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Yeats’ paintings come home to Sligo

Jack B. Yeats exhibition to include previously unseen masterpiece recently sold at auction.

Opening on February 5th, the spring exhibition from The Model, home of the Niland Collection in Sligo, is a major exhibition of one of Ireland’s finest painters, and local son, Jack B. Yeats. Entitled The Outsider, and co-curated by Brian O’Doherty, the exhibition surveys Yeats’ career from his initial experiments in oils in the early 1900’s to his very last paintings completed just before his death in 1957. The show will bring many of Yeats’ great masterpieces together in Sligo for the first time in almost 40 years.

Reared in Sligo by his maternal grandparents, Yeats spent much of his time travelling the town and county with his grandfather who owned a shipping business. The landscape and the characters he encountered during this time made a deep and lasting impression on the young artist, and he returned to the memories of his Sligo days for inspiration for his work again and again through out his life. In his later years Yeats acknowledged the deep influence of Sligo on his work when he said that he had never created a painting that did not have in it “at least a thought of Sligo”

Many of the works in The Outsider are drawn from the impressive Niland Collection of art, which now boasts 49 Jack B. Yeats works and a further 19 works from his father John, two from his sister and four by his nice Anne Yeats and one by his wife Mary Cottenham Yeats. The Model is delighted to be in a position to fulfil the ambitions of Nora Niland, the founder of The Niland Collection, by staging this ambitious survey show of Yeats work in 2010.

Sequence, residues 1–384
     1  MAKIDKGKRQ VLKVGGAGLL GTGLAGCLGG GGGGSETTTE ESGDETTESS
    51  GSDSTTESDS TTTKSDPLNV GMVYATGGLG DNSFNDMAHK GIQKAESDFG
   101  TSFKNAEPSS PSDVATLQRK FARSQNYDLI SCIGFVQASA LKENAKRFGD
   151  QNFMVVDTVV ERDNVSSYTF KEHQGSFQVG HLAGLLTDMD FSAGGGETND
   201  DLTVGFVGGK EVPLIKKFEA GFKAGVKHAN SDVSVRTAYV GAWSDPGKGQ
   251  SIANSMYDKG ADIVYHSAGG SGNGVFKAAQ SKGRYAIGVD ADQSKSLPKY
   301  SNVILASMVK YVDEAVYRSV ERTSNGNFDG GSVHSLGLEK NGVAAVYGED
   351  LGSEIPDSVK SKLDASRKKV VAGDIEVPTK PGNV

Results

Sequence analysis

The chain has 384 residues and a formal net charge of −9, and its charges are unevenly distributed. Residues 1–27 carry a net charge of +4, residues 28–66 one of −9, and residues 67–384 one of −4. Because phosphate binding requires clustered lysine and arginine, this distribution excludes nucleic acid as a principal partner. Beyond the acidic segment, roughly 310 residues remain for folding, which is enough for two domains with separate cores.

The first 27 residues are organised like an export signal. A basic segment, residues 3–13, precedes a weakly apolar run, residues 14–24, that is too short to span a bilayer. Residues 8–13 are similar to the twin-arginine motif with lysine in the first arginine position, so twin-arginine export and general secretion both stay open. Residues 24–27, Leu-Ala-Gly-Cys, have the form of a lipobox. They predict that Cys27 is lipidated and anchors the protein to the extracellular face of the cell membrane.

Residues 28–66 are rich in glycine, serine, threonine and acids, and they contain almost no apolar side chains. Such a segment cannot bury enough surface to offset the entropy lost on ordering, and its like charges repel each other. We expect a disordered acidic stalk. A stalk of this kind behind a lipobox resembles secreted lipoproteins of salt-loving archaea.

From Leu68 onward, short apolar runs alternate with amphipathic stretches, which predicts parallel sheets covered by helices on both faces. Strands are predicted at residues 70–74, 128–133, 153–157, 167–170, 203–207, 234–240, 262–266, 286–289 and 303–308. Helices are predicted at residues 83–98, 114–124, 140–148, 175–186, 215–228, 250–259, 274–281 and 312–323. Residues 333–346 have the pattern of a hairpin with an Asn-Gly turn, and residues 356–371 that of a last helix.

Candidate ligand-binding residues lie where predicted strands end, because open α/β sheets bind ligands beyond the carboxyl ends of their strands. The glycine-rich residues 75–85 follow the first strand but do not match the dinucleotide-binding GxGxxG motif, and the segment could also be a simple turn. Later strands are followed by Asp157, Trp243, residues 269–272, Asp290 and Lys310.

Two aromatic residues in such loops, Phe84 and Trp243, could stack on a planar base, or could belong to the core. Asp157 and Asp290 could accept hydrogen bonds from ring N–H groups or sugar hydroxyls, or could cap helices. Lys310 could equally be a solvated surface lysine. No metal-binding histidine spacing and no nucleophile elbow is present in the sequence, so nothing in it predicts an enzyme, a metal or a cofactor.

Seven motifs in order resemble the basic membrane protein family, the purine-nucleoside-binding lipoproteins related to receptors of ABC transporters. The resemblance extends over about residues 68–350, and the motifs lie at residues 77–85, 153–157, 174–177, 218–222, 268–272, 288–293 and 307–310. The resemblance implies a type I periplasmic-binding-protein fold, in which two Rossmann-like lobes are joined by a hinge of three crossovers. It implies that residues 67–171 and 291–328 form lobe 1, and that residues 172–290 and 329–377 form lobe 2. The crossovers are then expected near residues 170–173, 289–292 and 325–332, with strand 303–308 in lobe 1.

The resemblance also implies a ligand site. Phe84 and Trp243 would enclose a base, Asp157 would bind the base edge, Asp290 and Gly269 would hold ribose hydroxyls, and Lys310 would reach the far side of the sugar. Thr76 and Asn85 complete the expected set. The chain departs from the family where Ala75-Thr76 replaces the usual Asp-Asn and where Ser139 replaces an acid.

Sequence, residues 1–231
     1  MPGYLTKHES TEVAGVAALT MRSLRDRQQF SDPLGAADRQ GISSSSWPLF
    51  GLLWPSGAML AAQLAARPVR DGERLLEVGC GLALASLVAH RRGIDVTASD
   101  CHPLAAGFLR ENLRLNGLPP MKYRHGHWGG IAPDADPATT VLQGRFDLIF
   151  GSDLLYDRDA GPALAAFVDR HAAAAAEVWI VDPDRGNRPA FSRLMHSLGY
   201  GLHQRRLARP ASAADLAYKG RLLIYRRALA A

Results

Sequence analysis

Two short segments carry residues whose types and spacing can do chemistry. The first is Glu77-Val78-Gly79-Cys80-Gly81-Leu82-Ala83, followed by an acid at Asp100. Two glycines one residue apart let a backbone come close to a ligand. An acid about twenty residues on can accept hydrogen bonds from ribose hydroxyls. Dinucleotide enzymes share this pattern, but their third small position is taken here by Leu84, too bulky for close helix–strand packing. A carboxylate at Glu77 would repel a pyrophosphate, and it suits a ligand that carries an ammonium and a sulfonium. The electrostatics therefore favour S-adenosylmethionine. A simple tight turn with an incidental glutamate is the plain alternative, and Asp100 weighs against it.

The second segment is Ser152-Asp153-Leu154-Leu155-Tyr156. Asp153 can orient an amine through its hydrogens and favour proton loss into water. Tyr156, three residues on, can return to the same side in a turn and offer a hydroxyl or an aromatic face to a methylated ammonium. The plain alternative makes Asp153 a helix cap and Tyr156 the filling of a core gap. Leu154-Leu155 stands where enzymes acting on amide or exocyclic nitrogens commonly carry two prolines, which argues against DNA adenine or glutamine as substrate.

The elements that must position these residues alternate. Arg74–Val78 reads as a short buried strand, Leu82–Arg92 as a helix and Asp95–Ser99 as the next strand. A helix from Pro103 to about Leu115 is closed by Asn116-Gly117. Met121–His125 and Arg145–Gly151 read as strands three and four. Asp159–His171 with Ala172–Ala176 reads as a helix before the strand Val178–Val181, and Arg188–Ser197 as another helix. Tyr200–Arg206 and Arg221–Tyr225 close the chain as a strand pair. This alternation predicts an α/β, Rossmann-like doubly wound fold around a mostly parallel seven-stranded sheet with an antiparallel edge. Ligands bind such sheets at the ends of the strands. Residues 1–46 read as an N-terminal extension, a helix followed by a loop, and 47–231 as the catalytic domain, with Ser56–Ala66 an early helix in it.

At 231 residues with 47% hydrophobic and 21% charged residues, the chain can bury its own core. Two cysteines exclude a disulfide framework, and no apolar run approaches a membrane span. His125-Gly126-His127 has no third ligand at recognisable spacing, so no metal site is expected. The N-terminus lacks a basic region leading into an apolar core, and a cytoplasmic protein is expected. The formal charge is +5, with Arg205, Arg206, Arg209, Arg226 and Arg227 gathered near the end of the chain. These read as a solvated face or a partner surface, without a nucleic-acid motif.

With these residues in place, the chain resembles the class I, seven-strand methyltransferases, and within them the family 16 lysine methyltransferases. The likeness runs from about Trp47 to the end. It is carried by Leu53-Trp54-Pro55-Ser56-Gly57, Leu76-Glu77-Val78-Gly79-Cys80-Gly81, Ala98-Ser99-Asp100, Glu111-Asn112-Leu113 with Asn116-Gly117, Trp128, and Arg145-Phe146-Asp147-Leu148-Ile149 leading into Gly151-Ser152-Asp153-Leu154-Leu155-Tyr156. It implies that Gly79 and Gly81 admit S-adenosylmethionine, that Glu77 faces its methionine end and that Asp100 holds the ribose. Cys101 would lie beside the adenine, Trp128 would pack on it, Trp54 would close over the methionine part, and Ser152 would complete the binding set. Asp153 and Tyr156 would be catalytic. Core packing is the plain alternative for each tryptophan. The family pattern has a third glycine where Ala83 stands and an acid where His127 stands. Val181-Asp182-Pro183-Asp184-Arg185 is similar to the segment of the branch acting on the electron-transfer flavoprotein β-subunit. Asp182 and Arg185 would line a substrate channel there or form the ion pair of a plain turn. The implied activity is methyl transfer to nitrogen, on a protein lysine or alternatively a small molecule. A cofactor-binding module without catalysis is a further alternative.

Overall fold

The paintings from the Niland Collection will be joined by pieces from the collections of The National Gallery of Ireland, Tate Britain and Limerick City Gallery of Art. Many more works have been gathered from private collections all over the world, some of which have not been exhibited publically since the 1950’s. The Model is delighted to be in a position to show these great works in Yeats’ hometown of Sligo.

Also included in the show will be two paintings from the Graham Greene estate, sold by Christie’s of London in December to a private collector. This collector has made the previously unseen paintings available to The Model for the duration of the show. ‘A Man in a Room Thinking,’ and ‘A Horseman Enters a Town at Night’, were recently sold for a combined value of almost €500,000. ‘A Horseman Enters a Town at Night’ is a beautiful, dark painting, with flashes of vermillion and cadmium yellow. This previously unseen oeuvre is considered to be one of Yeats’ masterpieces and visitors to The Model will have a unique opportunity to see it this coming February.

Arguably Ireland’s greatest 20th century painter, Yeats’ work underwent a massive shift throughout the 1920s. In the early part of the decade his style was firmly rooted in reality, however a marked change occurred which led to the wildly apocalyptic visions and romanticism of his later period.
The exhibition is co-curated by Brian O’Doherty, the internationally acclaimed artist, critic and theorist who knew Yeats in his final years and has written extensively about the painter.

The exhibition will open on Sunday 06 February and will run until June 5th 2011. The Outsider encompasses a series of curator’s tours and other educational events.